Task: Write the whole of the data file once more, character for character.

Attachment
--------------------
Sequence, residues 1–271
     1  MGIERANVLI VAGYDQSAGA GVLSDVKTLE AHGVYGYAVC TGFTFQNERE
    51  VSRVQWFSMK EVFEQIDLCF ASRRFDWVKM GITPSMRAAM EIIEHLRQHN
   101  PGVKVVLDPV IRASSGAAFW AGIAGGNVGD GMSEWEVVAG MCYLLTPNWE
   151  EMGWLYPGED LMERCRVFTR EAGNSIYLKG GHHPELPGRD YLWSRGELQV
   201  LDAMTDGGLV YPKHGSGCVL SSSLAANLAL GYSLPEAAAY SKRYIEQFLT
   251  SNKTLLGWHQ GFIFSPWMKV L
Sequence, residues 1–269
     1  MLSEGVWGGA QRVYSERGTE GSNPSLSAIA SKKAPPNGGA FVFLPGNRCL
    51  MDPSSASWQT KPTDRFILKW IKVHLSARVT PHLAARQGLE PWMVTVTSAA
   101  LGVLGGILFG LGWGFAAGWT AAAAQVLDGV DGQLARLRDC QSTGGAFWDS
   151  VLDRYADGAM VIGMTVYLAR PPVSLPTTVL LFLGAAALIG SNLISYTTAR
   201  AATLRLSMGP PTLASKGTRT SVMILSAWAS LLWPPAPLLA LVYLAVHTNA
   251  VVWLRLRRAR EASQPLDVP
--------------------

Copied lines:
Sequence, residues 1–271
     1  MGIERANVLI VAGYDQSAGA GVLSDVKTLE AHGVYGYAVC TGFTFQNERE
    51  VSRVQWFSMK EVFEQIDLCF ASRRFDWVKM GITPSMRAAM EIIEHLRQHN
   101  PGVKVVLDPV IRASSGAAFW AGIAGGNVGD GMSEWEVVAG MCYLLTPNWE
   151  EMGWLYPGED LMERCRVFTR EAGNSIYLKG GHHPELPGRD YLWSRGELQV
   201  LDAMTDGGLV YPKHGSGCVL SSSLAANLAL GYSLPEAAAY SKRYIEQFLT
   251  SNKTLLGWHQ GFIFSPWMKV L
Sequence, residues 1–269
     1  MLSEGVWGGA QRVYSERGTE GSNPSLSAIA SKKAPPNGGA FVFLPGNRCL
    51  MDPSSASWQT KPTDRFILKW IKVHLSARVT PHLAARQGLE PWMVTVTSAA
   101  LGVLGGILFG LGWGFAAGWT AAAAQVLDGV DGQLARLRDC QSTGGAFWDS
   151  VLDRYADGAM VIGMTVYLAR PPVSLPTTVL LFLGAAALIG SNLISYTTAR
   201  AATLRLSMGP PTLASKGTRT SVMILSAWAS LLWPPAPLLA LVYLAVHTNA
   251  VVWLRLRRAR EASQPLDVP